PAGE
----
Bigtable is a fully managed NoSQL database on Google Cloud. It’s designed for low latency data access, where scalability and reliability really matter. And it’s actually the same technology behind the majority of Google products, including Gmail, Maps, YouTube; Each of which serves multi-billion users.
Google has been working with containers internally since 2003. In 2006 they introduced cgroups to the linux kernel. Kubernetes and GKE are introduced to the world in 2014. Today Google deploys 4 billion containers every week.
The Cluster Registry is part of the kubernetes foundation but is not included in the distribution by default. It’s added through a simple kubectl apply command. The cluster registry provides a simple yet powerful feature in that it enables a new resource type of Cluster to be added to your api calls.
In this example we’ll create a single Istio mesh across multiple regionally separated GKE clusters. Once setup, we’ll demonstrate the installation using Istio’s BookInfo application.
While you can accomplish this on your laptop, I’ll be demonstrating through Google Cloud Shell, which already includes many of the tools we’ll be using, as well as a standard environment we can all work from.
I’ve got this ESP8266 WiFi module hanging around that I’ve never really used. I also have a few Arduino UNOs sitting here not getting any use at the moment. I thought this would be a great time to put the two together for a project I’m working on.
This article is a follow up to a couple previous ones, namely Global Kubernetes in 3 Steps on GCP which walks through setting up a global cluster, and Global ingress in practice on Google Container Engine — Part 1: Discussion which discusses how you would use a Global cluster with a Google LoadBalancer for Ingress.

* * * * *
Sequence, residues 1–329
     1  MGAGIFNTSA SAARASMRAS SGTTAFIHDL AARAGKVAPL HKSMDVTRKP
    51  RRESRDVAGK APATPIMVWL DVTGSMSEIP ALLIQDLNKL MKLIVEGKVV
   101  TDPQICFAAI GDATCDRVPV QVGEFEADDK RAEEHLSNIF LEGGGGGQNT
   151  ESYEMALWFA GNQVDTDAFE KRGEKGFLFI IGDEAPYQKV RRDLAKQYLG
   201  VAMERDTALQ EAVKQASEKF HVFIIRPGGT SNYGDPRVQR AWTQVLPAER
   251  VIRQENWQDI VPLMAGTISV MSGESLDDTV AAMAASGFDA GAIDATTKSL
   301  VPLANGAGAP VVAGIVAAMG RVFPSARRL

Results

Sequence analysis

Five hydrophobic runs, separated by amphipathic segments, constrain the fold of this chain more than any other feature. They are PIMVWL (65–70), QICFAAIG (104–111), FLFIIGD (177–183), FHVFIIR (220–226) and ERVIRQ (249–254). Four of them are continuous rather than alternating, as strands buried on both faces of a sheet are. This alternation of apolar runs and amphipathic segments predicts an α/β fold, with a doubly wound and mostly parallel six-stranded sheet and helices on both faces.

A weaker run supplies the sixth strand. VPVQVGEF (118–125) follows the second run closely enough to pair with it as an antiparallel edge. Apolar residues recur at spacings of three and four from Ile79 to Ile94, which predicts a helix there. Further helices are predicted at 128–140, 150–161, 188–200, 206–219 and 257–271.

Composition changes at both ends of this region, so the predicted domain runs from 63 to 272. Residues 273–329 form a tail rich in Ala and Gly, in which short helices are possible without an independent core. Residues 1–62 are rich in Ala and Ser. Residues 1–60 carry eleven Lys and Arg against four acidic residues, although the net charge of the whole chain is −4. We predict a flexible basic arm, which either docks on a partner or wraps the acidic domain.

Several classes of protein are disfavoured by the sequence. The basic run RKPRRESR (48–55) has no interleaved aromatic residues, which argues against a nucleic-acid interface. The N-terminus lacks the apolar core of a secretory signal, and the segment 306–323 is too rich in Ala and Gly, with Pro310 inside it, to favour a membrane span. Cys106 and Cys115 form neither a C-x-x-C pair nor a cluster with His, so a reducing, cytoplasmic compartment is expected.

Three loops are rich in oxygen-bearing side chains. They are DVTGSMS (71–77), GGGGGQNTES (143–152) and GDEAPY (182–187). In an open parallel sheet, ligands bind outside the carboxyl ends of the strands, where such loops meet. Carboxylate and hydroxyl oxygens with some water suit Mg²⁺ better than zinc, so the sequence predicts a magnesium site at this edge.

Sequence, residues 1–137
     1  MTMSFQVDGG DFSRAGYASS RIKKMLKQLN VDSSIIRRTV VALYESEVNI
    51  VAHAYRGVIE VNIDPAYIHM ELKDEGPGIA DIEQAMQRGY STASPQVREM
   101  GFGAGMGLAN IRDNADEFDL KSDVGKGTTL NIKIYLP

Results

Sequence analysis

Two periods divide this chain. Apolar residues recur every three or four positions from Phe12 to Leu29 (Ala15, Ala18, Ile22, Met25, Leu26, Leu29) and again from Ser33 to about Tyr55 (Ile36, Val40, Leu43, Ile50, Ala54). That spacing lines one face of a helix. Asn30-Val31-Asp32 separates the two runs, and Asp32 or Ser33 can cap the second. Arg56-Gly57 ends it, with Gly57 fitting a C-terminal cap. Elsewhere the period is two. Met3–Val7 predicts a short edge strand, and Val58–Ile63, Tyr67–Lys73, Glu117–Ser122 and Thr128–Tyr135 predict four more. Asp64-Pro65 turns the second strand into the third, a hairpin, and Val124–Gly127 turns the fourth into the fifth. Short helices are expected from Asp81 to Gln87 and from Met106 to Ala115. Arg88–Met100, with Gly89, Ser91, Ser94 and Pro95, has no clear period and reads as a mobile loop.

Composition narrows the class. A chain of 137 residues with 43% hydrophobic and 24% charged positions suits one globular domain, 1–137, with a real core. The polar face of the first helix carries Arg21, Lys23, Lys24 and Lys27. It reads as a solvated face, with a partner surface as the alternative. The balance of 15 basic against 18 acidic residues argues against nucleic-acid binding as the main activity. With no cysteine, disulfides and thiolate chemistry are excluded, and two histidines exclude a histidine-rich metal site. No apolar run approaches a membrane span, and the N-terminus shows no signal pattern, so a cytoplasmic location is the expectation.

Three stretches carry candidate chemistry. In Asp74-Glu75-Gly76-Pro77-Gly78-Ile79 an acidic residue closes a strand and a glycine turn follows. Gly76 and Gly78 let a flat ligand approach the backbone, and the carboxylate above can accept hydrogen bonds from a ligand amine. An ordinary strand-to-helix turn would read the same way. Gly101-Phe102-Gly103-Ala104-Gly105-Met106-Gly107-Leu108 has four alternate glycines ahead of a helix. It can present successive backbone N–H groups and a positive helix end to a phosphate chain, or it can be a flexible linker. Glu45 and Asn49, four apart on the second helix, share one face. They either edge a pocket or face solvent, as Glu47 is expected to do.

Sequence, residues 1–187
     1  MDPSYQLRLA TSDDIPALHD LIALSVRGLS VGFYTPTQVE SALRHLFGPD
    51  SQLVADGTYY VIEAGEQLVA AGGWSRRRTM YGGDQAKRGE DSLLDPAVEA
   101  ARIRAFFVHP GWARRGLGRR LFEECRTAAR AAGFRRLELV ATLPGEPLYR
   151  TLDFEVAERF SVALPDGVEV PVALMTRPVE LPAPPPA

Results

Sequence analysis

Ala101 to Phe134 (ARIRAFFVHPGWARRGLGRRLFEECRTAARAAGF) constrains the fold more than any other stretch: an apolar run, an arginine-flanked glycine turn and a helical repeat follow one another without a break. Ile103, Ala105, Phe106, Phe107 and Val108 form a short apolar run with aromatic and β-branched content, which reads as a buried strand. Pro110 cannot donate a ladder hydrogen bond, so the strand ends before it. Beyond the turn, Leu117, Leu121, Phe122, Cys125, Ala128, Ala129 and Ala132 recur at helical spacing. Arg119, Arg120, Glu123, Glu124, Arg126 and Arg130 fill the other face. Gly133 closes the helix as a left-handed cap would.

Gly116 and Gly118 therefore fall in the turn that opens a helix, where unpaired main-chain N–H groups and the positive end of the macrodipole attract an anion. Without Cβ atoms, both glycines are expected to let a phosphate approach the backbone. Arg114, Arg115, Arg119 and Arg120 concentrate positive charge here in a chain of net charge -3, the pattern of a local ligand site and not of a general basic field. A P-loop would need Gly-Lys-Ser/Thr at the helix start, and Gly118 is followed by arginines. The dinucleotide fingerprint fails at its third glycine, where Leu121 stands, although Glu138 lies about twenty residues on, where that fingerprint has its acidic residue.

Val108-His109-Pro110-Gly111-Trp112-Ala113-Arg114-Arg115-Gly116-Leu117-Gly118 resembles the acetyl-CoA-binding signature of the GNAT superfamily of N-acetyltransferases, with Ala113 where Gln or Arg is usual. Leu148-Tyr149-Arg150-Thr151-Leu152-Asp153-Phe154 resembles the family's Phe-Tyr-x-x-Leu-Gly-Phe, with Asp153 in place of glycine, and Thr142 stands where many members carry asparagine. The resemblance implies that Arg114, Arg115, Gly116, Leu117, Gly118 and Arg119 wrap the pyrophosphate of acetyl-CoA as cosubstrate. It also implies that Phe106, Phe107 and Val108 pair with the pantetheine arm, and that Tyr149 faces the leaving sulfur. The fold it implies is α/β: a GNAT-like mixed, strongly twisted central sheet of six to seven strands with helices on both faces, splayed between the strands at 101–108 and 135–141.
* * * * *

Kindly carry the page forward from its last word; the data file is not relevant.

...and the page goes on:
In this article I’ll cover a variety of challenges I faced and solutions I figured out when deploying a real app to a Global Federated cluster using GCE ingress controller. In part 1 I’ll discuss the concepts, and in part 2 we’ll do an end to end deployment with real code.
Global Kubernetes in 3 Steps Creating a globally federated kubernetes cluster may sound daunting but it really only takes a few small steps.
Create the project and clusters Install and Join to kubefed Deploy globally The kubefed utility takes most of the effort out of this process.
Deis allows you to quickly deploy applications using just a few short commands:
Create, Configure and Pull. Since your app is deployed as standard Kubernetes pods, you can take advantage of all the robust capabilities k8s offers, coupled with the simplicity of deploying to a Paas.
Overview Using Google’s Private Container Registry with Docker Google’s Container Registry provides a managed and private repository for storing your Docker images. With a simple gcloud command you can push and pull to your private google project repository.